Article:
A June collision between a Volkswagen SUV and a deer in which a side air bag inflated with too much force has triggered a federal investigation and raised questions about the safety of newer air bagsmade by Takata Corp. of Japan.
In the June 7 crash near St. Louis, the left side air bag inflated in a 2015 VW Tiguan, blowing apart a metal canister. It's the first incident reported in a VW, the first in a side air bag, and the first in the field involving newer versions of Takata air bags. Previously Takata has said the problem was limited to older designs in front and passenger air bags.
Volkswagen told the National Highway Traffic Safety Administration about the crash on July 15, and the agency began investigating. Last week it sent orders to Takata and VW seeking information on the crash andair bag tests. Both have until Aug. 24 to reply.
The investigation calls into question whether all air bag systems made with ammonium nitrate, the chemical that Takata uses as a propellant to inflate its bags, should be recalled, said Karl Brauer, senior auto industry analyst for Kelley Blue Book. Although the Tiguan problem could be an isolated manufacturing problem, Brauer says with Takata's history, it's possible that more recalls involving more vehicle brands are coming.
"It's a scary thing," Brauer said. "Are we still seeing the tip of the iceberg here?"
Takata and VW said they are cooperating in the investigation, and Takata said it doesn't believe the Tiguan case is related to any previous incidents.
In May, Takata bowed to U.S. government pressure and agreed to double the number of air bag inflators it's recalling to 33.8 million, making it the largest automotive recall in U.S. history. The problem, which has persisted for more than a decade, has brought congressional hearings and investigations from NHTSA and the Justice Department. Worldwide, 11 automakers have recalled about 57.5 million vehicles with Takata air bags.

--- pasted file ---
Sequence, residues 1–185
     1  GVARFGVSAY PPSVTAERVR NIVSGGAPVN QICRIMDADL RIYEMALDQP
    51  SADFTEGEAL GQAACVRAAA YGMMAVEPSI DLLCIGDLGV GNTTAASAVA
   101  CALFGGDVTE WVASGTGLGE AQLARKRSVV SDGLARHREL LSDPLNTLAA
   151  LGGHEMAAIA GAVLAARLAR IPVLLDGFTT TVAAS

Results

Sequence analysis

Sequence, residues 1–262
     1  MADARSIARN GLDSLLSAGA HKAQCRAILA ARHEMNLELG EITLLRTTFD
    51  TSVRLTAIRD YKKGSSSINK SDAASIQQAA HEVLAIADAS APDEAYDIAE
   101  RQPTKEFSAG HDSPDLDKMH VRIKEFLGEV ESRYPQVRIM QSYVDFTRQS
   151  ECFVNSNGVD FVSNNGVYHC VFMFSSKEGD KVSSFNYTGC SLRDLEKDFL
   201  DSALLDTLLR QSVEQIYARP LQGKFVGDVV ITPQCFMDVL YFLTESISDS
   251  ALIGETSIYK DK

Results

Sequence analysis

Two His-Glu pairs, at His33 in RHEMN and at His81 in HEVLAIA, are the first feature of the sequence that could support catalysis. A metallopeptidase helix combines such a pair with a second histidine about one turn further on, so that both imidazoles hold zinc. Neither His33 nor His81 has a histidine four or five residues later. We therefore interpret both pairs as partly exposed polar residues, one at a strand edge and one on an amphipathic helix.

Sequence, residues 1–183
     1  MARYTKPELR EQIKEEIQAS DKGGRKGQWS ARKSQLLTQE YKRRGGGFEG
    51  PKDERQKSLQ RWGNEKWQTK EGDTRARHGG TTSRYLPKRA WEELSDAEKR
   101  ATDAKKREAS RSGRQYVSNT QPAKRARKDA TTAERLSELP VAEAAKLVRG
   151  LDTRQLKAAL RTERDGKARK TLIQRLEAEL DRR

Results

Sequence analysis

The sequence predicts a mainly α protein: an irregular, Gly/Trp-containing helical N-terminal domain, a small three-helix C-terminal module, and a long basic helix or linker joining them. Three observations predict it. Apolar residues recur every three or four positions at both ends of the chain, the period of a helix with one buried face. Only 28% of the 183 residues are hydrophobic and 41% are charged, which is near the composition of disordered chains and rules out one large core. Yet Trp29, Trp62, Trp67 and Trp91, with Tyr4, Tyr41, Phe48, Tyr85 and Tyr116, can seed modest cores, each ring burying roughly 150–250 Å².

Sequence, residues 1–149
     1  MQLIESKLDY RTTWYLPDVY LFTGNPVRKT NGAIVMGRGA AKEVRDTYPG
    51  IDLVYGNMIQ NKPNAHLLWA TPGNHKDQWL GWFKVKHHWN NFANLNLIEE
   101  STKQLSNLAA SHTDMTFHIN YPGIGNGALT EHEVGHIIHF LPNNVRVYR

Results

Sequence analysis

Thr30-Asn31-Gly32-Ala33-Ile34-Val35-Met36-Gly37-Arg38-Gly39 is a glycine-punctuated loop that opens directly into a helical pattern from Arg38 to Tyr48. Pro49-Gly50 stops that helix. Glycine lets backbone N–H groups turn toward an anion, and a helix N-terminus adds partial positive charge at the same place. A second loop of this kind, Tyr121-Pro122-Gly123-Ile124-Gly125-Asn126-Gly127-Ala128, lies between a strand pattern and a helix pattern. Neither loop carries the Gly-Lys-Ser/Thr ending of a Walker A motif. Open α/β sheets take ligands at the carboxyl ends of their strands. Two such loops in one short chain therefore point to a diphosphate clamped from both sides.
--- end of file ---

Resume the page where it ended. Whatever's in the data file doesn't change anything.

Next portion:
At least eight deaths and more than 100 injuries have been attributed to the air bag inflator ruptures.
VW spokesman Mark Gillies said the company is working with NHTSA and Takata to better understand the situation. The Tiguan driver did not seek medical attention, although Gillies did not know if he was cut by flying shrapnel from the inflator. Gillies said there have been no other incidents of air bag inflators rupturing in VWvehicles. He said he didn't know how many other VW vehicles have Takata air bags or for how long the company has used Takata air bags.
"While we are still investigating the cause of this malfunction, we believe it is unrelated to the previous recalls, which the extensive data suggests were a result of aging and long-term exposure to heat and high humidity," Takata's statement said.
Takata uses ammonium nitrate to create a small explosion and quickly inflate air bags. But the chemical can become unstable when exposed to airborne moisture, burning too fast and blowing apart a metal canister designed to contain the explosion. Takata says most of the problems have happened in areas with high humidity, mainly along the U.S. Gulf Coast.
In its orders to VW and Takata, NHTSA is looking to see if the problem is broader than the previous recalls. The order to Takata seeks a report identifying every air bag inflator made by the company that used ammonium nitrate. The VW order asks for a list of all vehicles ever made by the company with air baginflators that used ammonium nitrate as a propellant. It also asks for failure rates of all side air bags in tests done by the company or third parties.
Of the vehicles under recall for Takata air bag problems, the newest are from the 2011 model year.